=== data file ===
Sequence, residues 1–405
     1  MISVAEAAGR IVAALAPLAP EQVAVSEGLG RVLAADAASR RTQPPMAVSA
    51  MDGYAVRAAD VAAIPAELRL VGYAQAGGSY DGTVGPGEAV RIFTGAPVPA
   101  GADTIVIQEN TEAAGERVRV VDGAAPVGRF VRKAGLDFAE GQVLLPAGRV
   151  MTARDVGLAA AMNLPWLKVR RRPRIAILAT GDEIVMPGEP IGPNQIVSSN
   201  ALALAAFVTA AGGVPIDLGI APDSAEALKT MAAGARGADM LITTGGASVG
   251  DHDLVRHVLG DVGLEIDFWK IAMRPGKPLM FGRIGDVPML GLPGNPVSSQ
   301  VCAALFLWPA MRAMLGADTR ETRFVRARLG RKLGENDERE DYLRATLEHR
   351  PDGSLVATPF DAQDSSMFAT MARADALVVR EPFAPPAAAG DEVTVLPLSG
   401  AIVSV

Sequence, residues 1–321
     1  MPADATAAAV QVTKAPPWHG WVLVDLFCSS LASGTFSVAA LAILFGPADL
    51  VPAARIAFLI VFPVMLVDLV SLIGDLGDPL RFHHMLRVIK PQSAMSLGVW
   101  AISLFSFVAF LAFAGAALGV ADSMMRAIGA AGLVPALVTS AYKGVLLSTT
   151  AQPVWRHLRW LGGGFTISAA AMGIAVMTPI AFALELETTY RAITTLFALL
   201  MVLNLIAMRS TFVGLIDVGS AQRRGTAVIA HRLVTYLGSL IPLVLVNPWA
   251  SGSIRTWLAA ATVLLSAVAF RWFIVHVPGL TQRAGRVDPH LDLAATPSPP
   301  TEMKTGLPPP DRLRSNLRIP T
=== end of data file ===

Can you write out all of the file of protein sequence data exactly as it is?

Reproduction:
Sequence, residues 1–405
     1  MISVAEAAGR IVAALAPLAP EQVAVSEGLG RVLAADAASR RTQPPMAVSA
    51  MDGYAVRAAD VAAIPAELRL VGYAQAGGSY DGTVGPGEAV RIFTGAPVPA
   101  GADTIVIQEN TEAAGERVRV VDGAAPVGRF VRKAGLDFAE GQVLLPAGRV
   151  MTARDVGLAA AMNLPWLKVR RRPRIAILAT GDEIVMPGEP IGPNQIVSSN
   201  ALALAAFVTA AGGVPIDLGI APDSAEALKT MAAGARGADM LITTGGASVG
   251  DHDLVRHVLG DVGLEIDFWK IAMRPGKPLM FGRIGDVPML GLPGNPVSSQ
   301  VCAALFLWPA MRAMLGADTR ETRFVRARLG RKLGENDERE DYLRATLEHR
   351  PDGSLVATPF DAQDSSMFAT MARADALVVR EPFAPPAAAG DEVTVLPLSG
   401  AIVSV

Sequence, residues 1–321
     1  MPADATAAAV QVTKAPPWHG WVLVDLFCSS LASGTFSVAA LAILFGPADL
    51  VPAARIAFLI VFPVMLVDLV SLIGDLGDPL RFHHMLRVIK PQSAMSLGVW
   101  AISLFSFVAF LAFAGAALGV ADSMMRAIGA AGLVPALVTS AYKGVLLSTT
   151  AQPVWRHLRW LGGGFTISAA AMGIAVMTPI AFALELETTY RAITTLFALL
   201  MVLNLIAMRS TFVGLIDVGS AQRRGTAVIA HRLVTYLGSL IPLVLVNPWA
   251  SGSIRTWLAA ATVLLSAVAF RWFIVHVPGL TQRAGRVDPH LDLAATPSPP
   301  TEMKTGLPPP DRLRSNLRIP T